Transfer thinking requires a strong base of organized knowledge
Expectations from Darwin’s family tradition to become a physician ensured he had acquired a strong general education before attending the University of Edinburgh Medical School in 1825. However, medicine and surgery were decidedly not the path for Charles, he had always been more interested in exploring the natural world. By his second year he was studying natural history more than medicine, and spending time in the Plinian Society, a student group focused on asking big picture questions about the nature of science, religion, and society.
Charles was also working for the university museum during this time. Learning taxonomy and classification of the museum’s plant collection, Darwin extended and organized his network of knowledge on the world’s biodiversity. With each new plant he would classify, Darwin would physically place the sample in the appropriate location within the museum taxonomy records. In parallel, Darwin would find the appropriate location within his own mental conception of that particular plant family tree, and and add his new knowledge to that existing network of thought.
Organizing knowledge, such as knowledge about the world’s biodiversity, requires a constant transfer of learning. Understanding the evolution of any particular creature requires bringing prior knowledge about the evolutionary branching of all of life and integrating this new specimen into that framework. Organizing knowledge into taxonomies requires transfer of learning, but it can also facilitate transfer of learning. Organizing taxonomies of knowledge allows you to more easily use and acquire knowledge to connect, create, and innovate in further new situations. With Darwin’s undergraduate plant taxonomy, he could surely have been placed in a wide range of ecosystems and provide some level of insight about the local species even if he had never seen those specific plants before. Indeed, for Darwin, his extensive knowledge base on natural history was about to be placed in a brand new situation.
Transfer thinking requires good analogies
In 1828, Darwin’s father was concerned with his son’s lack of drive towards medicine. Charles was abruptly transferred to Christ’s College, Cambridge to study for a Bachelor of the Arts degree, with expectations of becoming an Anglican parson. It was here that Darwin would encounter William Paley’s analogy of the divine watchmaker. Paley famously argued that because the biological world appears to be designed, just as a pocket watch has been designed by a designer, so also, there must be a designer of nature. God acting through natural laws, according to Paley. Darwin’s prior knowledge of natural history and biodiversity allowed him to reflect deeply on Paley’s analogy. Darwin believed Paley’s analogy framed a scientific explanation for God. Still in his early 20s, the young Charles did not yet see the problem in Paley’s logic. For Darwin to cross the next critical threshold of complexity in his thinking about the origin of species, he would need more direct knowledge of the world’s diversity. He would also need lots of time. He would need time to think about the connections between his growing knowledge base and the evolving theories of natural history of his time.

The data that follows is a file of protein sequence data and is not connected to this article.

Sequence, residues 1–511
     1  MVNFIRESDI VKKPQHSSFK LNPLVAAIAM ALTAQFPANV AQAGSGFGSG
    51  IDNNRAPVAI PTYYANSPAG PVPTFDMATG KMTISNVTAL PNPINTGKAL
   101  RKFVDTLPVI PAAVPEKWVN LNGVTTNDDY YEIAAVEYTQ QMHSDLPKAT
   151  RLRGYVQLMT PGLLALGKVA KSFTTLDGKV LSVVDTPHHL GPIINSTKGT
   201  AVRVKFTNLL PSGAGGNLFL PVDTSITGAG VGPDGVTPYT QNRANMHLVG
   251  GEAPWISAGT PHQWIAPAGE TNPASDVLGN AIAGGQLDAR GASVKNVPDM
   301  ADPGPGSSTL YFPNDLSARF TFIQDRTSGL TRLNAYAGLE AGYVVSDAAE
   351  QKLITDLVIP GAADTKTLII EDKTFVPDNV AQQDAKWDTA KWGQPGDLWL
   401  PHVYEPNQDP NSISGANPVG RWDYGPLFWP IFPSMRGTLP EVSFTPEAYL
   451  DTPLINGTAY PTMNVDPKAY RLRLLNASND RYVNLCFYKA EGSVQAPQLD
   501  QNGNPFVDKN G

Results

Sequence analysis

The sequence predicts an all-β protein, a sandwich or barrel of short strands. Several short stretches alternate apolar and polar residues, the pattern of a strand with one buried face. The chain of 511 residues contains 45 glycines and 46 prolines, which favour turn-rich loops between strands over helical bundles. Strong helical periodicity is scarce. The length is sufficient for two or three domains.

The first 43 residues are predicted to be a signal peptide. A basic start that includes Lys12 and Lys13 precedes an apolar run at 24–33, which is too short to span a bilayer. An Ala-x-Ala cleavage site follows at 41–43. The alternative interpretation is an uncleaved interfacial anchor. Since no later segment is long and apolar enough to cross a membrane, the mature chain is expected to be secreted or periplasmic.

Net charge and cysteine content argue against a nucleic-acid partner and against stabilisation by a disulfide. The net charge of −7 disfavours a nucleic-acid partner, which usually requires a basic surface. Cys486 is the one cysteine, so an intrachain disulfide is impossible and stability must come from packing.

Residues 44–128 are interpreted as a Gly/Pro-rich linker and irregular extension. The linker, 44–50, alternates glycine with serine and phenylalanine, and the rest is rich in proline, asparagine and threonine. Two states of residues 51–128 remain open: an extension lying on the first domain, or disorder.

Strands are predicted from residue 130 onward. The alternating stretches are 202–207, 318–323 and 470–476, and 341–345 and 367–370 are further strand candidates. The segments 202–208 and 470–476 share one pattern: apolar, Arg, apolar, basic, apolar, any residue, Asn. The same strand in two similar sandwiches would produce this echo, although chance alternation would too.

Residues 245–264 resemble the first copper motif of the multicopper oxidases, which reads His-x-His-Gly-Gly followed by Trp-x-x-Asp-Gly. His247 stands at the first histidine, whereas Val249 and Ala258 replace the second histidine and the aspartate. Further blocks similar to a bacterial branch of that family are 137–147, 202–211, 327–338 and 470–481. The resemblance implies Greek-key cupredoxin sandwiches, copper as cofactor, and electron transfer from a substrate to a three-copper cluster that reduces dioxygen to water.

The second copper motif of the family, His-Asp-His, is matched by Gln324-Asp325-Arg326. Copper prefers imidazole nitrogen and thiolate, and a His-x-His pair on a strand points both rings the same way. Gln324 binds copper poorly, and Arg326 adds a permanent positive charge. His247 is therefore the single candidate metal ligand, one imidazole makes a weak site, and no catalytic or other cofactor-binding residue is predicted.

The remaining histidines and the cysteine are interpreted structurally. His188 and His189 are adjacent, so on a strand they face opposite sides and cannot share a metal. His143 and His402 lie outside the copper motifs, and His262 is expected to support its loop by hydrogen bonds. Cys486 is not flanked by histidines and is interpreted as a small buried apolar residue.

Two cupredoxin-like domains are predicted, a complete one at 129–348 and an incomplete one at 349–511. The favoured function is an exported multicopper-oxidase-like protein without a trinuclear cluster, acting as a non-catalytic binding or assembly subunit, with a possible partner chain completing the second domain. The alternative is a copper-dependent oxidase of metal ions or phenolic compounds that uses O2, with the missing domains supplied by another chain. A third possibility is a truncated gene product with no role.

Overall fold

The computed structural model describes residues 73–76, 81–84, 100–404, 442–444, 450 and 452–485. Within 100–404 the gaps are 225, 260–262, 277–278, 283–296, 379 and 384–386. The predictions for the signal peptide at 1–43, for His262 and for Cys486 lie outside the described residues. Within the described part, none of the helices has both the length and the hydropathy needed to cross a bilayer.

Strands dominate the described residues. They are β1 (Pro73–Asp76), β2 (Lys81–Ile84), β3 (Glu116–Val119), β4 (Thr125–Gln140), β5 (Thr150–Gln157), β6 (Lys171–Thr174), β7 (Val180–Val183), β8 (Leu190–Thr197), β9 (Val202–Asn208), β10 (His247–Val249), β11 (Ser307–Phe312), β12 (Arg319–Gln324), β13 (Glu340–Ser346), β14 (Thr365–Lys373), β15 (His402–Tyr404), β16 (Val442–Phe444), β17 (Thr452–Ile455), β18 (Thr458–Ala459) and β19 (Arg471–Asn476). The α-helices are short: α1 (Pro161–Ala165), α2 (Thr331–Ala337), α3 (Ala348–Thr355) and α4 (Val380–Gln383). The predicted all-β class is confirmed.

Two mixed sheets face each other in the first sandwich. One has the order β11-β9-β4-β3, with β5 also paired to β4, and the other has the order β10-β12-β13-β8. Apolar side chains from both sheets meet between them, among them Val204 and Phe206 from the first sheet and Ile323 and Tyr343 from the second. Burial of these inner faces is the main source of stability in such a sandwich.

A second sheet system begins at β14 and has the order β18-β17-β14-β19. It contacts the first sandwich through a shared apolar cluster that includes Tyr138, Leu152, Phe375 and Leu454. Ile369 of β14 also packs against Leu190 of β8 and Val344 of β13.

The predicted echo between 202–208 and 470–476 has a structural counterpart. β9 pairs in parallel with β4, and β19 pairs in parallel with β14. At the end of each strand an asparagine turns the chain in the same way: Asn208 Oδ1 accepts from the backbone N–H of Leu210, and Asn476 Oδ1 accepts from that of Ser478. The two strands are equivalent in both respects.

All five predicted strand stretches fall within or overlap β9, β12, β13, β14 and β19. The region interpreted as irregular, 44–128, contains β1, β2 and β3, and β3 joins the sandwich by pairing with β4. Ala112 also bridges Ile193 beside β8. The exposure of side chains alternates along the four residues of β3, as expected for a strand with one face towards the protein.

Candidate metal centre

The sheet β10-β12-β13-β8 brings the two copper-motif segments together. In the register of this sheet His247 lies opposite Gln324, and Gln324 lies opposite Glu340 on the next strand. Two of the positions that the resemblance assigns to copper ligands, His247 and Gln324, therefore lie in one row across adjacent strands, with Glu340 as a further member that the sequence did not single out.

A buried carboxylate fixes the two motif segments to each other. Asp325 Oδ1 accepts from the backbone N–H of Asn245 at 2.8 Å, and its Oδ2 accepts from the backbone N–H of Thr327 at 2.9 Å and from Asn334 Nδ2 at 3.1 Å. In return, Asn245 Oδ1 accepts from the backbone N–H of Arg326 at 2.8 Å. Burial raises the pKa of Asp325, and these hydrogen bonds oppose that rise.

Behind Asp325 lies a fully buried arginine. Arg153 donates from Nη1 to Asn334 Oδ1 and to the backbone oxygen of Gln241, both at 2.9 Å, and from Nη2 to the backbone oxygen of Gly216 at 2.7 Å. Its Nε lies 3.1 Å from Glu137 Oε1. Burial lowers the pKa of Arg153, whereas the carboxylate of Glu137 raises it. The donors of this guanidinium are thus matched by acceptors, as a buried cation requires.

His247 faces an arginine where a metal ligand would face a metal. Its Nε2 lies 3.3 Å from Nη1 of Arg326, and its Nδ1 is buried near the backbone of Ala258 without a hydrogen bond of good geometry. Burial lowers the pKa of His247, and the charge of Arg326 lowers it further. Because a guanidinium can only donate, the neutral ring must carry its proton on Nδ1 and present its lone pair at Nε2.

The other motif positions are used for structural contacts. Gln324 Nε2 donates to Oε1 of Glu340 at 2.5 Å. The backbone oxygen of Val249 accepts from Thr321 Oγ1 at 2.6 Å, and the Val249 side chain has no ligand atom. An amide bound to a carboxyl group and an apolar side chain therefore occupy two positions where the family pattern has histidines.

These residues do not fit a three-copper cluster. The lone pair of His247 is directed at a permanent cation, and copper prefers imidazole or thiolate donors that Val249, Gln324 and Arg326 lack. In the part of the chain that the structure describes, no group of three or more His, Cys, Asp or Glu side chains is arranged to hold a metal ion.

Transfer thinking involves experience, reflection, and synthesis
After some post-graduation adventures, Darwin was invited to travel as a guest naturalist aboard the HMS Beagle. On December 27, 1831, Darwin began a journey sailing across the global south. The ship would follow the South American coastline, crossing the Pacific and Indian oceans, with expeditions on land all along the way. Darwin was experiencing the complexity of life’s diversity first hand. It was on this voyage that Darwin would really begin to polish his ability to transfer his learning from across the domains of natural history to generate novel ideas. Synthesis is merely one form of transfer thinking.
One important example can be found in Darwin’s geological thinking during these travels. Historians of science might say that Darwin was influenced during this time by the then newly published book, Principles of Geology by Charles Lyell. Education scientists might instead say that Lyell’s work created a positive transfer of learning – meaning that Darwin strategically used what he learned in Principles of Geology to facilitate much deeper insights into the domain of biology.